Definitions

Synergy

Synergy

[sin-er-jee]
Synergy (from the Greek syn-ergo, συνεργός meaning working together) is the term used to describe a situation where the final outcome of a system is greater than the sum of its parts.

The Apostle Paul used the word in his Epistles to illustrate a dynamic conception of human, divine and cosmic cooperation: "I did the planting, Apollos the watering, but God made things grow…We are fellow workers (synergoi) with God; you are God's cultivation, God's building." In religious context, Synergism stems from the 1657 theological doctrine that humans will cooperate with the Divine Grace in regeneration The term began to be used in the broader, non-theological, sense by 1925.

The opposite of synergy is antagonism, the phenomenon where two agents in combination have an overall effect that is less than that predicted from their individual effects.

Synergy can also mean:

  • A mutually advantageous conjunction where the whole is greater than the sum of the parts.
  • A dynamic state in which combined action is favored over the sum of individual component actions.
  • Behavior of whole systems unpredicted by the behavior of their parts taken separately. More accurately known as emergent behavior.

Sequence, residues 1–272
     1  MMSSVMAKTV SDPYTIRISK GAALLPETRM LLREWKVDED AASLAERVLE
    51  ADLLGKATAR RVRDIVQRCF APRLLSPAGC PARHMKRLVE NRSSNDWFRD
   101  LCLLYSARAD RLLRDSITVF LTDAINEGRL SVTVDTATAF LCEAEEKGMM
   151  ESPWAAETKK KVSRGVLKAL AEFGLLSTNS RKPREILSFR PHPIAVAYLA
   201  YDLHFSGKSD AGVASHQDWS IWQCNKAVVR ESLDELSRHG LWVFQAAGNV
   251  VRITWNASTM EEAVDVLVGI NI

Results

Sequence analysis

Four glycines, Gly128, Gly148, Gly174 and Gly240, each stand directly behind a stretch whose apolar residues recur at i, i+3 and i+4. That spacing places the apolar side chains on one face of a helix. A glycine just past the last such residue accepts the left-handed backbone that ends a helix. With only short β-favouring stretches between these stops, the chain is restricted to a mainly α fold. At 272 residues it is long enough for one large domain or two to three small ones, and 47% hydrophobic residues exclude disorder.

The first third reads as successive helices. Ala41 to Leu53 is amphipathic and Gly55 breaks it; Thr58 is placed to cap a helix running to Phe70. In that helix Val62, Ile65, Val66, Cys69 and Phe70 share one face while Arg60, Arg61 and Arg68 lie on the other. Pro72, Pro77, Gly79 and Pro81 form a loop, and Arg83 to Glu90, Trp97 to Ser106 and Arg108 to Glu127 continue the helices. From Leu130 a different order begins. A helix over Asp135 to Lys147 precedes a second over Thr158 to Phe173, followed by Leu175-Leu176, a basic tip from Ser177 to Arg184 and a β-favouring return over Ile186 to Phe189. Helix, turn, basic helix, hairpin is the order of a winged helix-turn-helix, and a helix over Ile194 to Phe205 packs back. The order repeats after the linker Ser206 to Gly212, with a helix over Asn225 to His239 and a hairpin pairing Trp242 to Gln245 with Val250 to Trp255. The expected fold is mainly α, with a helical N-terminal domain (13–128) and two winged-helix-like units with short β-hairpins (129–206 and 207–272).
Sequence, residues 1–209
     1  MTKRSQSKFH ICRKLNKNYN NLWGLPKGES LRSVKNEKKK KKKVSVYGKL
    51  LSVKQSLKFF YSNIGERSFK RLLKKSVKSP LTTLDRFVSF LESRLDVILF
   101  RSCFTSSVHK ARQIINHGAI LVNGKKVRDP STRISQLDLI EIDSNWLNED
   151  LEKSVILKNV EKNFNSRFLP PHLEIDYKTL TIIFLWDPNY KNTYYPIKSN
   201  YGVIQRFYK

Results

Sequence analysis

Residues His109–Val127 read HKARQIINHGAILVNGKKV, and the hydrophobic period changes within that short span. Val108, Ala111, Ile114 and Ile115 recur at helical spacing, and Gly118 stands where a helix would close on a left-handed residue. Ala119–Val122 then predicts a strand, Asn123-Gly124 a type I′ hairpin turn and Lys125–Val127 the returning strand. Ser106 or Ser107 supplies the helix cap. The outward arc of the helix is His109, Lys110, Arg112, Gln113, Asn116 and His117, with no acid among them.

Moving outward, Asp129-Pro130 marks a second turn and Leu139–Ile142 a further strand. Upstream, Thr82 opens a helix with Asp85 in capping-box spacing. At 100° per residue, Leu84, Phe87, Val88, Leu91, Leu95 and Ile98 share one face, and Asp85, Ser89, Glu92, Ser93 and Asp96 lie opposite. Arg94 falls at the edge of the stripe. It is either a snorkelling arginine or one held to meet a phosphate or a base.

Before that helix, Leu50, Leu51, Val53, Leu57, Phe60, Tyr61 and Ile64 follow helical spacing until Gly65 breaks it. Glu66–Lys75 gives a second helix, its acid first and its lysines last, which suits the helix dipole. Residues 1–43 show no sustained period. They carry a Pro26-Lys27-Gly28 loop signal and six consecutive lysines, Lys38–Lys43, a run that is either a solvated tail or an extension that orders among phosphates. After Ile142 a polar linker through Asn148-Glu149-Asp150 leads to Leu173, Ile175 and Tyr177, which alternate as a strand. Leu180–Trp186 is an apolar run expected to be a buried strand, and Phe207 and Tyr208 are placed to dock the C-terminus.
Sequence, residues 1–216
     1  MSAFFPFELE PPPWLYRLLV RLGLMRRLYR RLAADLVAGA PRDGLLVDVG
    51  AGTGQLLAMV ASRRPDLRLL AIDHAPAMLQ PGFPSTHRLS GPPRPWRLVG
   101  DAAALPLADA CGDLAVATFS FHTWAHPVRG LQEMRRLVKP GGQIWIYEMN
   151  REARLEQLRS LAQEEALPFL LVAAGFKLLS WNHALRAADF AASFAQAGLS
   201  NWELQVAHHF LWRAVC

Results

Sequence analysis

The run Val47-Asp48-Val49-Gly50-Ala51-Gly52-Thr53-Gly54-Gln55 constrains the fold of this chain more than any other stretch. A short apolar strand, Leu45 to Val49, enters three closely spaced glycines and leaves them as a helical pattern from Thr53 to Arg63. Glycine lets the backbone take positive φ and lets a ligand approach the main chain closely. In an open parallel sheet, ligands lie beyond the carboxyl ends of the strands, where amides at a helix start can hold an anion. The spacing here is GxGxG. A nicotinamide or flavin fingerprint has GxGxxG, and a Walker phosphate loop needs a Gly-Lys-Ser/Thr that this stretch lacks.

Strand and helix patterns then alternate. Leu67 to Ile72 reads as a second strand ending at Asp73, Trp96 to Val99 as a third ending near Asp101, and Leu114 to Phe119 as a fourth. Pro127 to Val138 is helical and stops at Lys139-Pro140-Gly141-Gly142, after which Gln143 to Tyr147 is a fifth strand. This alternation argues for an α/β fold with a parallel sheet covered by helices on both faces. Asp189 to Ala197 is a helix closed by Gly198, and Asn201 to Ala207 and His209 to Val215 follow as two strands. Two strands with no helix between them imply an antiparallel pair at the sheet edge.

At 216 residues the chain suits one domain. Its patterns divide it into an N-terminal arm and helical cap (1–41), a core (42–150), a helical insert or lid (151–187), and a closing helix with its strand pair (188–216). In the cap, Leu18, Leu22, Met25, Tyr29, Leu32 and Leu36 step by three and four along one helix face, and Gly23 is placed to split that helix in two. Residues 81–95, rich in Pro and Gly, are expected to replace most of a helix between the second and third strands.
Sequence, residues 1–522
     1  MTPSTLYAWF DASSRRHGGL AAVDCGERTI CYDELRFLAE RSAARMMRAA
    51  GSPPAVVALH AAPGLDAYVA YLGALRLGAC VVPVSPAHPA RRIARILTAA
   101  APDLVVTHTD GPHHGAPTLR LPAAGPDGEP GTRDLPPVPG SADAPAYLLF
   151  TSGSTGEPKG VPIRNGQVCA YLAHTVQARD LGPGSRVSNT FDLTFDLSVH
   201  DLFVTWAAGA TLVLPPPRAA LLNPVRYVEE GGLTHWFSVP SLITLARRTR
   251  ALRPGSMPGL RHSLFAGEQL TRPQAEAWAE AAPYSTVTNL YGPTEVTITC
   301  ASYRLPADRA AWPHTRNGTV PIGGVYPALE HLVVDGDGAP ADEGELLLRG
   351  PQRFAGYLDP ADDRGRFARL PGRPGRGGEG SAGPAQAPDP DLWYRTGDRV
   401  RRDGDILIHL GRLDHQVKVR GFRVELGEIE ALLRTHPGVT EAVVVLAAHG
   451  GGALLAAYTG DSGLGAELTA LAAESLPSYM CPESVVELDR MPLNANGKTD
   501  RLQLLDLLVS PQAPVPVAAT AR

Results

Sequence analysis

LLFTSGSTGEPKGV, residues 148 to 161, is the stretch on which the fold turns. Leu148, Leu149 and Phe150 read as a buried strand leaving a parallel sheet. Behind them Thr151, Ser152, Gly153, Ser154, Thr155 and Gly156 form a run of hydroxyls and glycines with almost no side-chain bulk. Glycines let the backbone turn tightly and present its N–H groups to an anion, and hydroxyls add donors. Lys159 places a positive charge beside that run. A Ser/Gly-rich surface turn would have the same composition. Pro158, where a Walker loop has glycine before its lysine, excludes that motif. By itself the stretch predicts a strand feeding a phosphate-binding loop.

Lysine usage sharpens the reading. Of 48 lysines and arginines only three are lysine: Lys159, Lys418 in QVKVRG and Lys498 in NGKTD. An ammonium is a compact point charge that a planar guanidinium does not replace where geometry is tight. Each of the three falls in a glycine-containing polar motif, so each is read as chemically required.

• The cooperative action of two or more stimuli or drugs.

Drug abuse

Drug synergism occurs when drugs can interact in ways that enhance or magnify one or more effects, or side effects, of those drugs. This is sometimes exploited in combination preparations, such as codeine mixed with acetaminophen or ibuprofen to enhance the action of codeine as a pain reliever. This is often seen with recreational drugs, where 5-HTP, a serotonin precursor often used as an antidepressant, is often used prior to, during, and shortly after recreational use of MDMA as it allegedly increases the "high" and decreases the "comedown" stages of MDMA use (although most anecdotal evidence has pointed to 5-HTP moderately muting the effect of MDMA). Other examples include the use of cannabis with LSD, where the active chemicals in cannabis enhance the hallucinatory experience of LSD-use.